How much of a difference can just one person make when helping to support Sault Ste. Marie’s most vulnerable populations? Eighty-year-old great grandmother Kathy Humphries believes if everybody did just a little bit, a whole lot can be accomplished.
A few years ago, while visiting one of her two daughters in southern Ontario, Humphries saw first-hand how much need there was and was inspired to do the same back home in Sault Ste. Marie.
“She was making this bucket bread,” said Humphries of her daughter’s effort to hep the vulnerable population in Whitby. “Seeing my daughter do that and seeing how appreciative people were — I just felt that there was a need here, too.
The recipe is simple, flour, yeast, salt and water. It is mixed and placed in a plastic bucket to rise before baking.
“She was bringing it somewhere you can bring things and they distribute them,” said Humphries. “I went with her and I said that bread looks easy to make.”
She returned home and began baking the bucket bread for neighbours and family back in the Sault. Humphries said the artisanal bread is similar to soft bread she has eaten in the south of Italy.
About two-and-a-half years ago, Humphries saw a Facebook post by SOYA founder Connie Raynor-Elliott seeking help to address food insecurity in the city. She called with an offer to help out.
“I said I am not too good at doing too many things but I learned how to make this bread, could I donate some?” said Humphries, recalling the conversation.
Little did they know at the time, but that offer led to Humphries baking fresh bread for SOYA almost every week for over two years straight. She figures at least 10 50-pound bags of flour has been used to help fill bellies of the people who line up outside the organization’s Gore Street Depot.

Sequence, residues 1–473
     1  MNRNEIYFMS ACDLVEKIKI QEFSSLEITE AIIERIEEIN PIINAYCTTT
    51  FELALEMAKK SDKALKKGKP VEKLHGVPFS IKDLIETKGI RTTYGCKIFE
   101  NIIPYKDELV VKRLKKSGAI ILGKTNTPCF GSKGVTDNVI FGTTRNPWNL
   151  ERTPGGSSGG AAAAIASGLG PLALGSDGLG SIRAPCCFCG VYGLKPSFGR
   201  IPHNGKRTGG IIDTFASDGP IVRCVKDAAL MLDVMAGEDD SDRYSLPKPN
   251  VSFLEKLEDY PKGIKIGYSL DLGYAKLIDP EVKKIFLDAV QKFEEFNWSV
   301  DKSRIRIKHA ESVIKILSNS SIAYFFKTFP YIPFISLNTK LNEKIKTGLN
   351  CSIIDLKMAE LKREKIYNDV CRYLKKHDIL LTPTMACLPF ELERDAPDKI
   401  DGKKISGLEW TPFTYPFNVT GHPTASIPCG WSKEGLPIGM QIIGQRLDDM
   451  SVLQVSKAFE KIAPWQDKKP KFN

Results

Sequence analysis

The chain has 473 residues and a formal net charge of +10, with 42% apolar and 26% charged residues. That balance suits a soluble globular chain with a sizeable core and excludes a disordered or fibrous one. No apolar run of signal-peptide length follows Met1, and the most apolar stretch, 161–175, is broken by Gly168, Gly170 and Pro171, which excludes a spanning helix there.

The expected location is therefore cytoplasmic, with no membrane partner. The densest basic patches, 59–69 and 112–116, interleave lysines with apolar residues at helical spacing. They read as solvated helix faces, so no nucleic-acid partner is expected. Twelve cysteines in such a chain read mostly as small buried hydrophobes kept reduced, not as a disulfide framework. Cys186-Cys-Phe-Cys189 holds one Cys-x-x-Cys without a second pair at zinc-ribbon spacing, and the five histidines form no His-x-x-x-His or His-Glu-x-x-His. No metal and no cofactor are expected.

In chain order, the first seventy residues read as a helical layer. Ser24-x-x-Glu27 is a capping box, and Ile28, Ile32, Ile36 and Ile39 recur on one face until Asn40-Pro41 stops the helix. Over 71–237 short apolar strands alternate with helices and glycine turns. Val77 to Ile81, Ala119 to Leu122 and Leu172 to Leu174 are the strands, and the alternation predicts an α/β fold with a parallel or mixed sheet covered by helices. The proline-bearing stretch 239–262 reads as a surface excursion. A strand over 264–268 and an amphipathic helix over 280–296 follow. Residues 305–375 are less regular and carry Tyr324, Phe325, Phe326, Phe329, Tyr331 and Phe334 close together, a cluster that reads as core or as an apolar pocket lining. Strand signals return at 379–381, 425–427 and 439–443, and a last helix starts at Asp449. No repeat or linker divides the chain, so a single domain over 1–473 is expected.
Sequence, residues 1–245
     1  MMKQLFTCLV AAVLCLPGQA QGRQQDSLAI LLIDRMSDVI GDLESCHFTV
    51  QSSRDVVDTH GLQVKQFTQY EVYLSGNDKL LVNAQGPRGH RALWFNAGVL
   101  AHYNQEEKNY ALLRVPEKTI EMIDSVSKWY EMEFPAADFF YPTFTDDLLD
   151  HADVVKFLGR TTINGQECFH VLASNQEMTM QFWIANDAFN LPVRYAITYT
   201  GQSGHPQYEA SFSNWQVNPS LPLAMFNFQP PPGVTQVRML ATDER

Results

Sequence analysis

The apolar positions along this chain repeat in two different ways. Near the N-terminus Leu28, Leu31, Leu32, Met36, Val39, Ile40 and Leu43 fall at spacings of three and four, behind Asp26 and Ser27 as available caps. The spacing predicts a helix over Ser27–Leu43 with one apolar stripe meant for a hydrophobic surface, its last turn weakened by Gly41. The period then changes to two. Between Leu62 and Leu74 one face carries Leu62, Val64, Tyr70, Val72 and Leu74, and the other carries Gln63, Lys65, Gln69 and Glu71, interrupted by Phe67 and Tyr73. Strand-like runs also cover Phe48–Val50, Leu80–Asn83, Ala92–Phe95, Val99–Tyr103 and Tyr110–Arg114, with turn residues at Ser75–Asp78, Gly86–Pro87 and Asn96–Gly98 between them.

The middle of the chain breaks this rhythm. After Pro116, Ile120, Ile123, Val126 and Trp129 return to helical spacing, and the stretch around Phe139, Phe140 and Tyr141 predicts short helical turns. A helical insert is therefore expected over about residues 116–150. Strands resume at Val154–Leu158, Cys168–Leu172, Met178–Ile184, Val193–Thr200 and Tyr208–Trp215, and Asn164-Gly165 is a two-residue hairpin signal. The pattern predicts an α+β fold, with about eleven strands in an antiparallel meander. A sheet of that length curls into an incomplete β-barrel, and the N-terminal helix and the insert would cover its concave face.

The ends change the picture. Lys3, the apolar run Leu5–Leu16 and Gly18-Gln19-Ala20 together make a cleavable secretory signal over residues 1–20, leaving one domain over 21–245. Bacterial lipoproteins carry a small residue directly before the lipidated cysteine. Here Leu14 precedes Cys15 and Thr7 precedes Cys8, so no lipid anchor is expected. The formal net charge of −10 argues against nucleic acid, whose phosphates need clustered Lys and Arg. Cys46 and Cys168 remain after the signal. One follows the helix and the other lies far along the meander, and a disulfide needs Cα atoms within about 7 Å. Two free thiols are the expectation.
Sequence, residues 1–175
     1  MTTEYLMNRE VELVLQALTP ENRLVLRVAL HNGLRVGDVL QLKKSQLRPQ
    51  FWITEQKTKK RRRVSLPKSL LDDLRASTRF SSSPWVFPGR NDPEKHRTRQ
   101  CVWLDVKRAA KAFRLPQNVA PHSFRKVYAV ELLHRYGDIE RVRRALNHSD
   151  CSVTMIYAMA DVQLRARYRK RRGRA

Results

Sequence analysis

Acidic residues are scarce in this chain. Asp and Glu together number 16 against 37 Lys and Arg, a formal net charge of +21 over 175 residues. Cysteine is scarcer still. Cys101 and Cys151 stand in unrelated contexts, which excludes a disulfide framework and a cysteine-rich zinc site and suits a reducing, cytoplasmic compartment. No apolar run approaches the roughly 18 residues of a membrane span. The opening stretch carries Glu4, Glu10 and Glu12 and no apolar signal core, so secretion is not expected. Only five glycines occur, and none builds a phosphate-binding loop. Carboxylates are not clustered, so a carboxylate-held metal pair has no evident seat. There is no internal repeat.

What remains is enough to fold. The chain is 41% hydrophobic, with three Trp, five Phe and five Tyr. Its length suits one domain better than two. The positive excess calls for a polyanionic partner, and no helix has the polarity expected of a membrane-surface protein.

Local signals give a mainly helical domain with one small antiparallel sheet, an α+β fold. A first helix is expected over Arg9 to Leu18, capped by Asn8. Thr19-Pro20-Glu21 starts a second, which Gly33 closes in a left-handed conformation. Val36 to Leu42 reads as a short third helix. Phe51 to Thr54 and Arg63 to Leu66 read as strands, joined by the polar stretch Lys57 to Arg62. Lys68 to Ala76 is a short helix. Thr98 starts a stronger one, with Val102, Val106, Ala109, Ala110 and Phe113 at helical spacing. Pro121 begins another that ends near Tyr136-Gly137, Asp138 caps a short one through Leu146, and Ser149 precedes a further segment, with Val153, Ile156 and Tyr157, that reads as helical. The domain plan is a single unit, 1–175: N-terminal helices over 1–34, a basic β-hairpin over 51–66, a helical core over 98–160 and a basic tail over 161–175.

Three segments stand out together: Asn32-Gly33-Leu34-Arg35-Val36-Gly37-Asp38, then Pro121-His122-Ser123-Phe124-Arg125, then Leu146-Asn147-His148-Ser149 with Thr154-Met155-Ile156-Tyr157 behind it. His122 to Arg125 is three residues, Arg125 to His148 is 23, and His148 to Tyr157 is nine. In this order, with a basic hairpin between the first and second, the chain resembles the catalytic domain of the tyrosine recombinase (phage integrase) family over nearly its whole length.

Widowed for the past 12 years and living independently with the support of friends and family, Humphries said the baking has given her life a purpose.
“I know on Thursday I have to get my stuff ready and Friday I do my baking and [Connie] is coming Friday night to pick it up and then somebody has it to eat on Saturday,” she said. “Being a widow, it’s just me and these four walls after suppertime. It’s just a matter of seeing that you’re doing something and helping.”
Humphries started making eight loaves a week for SOYA, but currently averages more than 20 loaves every Friday.
Raynor-Elliott estimates Humphries has baked at least 1,700 loaves over the past two-and-a-half years to help feed the city’s most vulnerable.
“We call her Kathy the bread maker, but she’s an angel to this community, she does so much,” said Raynor-Elliott.
Humphries is a member of the Royal Purple service club and advocated for SOYA to be the recipient of this month’s 50-50 raffle. With less than 10 hours until it closes, the jackpot sits at over $3,800, with half of that amount going directly to SOYA.
Humphries said she hopes the jackpot will top $4,000 by the end of the day.
“It will help SOYA and it will help the member of the community that wins that,” she said.
Made with a mixture of white and whole wheat flour, the buckets bread is a hearty and nutritious addition to the soups, chili and fresh fruit SOYA offers every Saturday. Raynor-Elliott said everyone looks forward to it when they come to the depot on Saturday.
“You can tell it’s made with love,” said Raynor-Elliott. “I do some baking and you know how every once in a while you have a bad batch? She has never given us a bad batch.”
Humphries said some people spend more time talking about the problems downtown without offering solutions.
“I feel like if everybody did a little bit, a whole hell of a lot could get done, because you get a lot more done doing a little bit than just complaining about it,” she said. “Some people say there is a problem here and I say are you kidding me? This is the best place to live.”
Humphries says she has no plans on slowing down.
“As long as they need it and I have my health, I will do it," she said.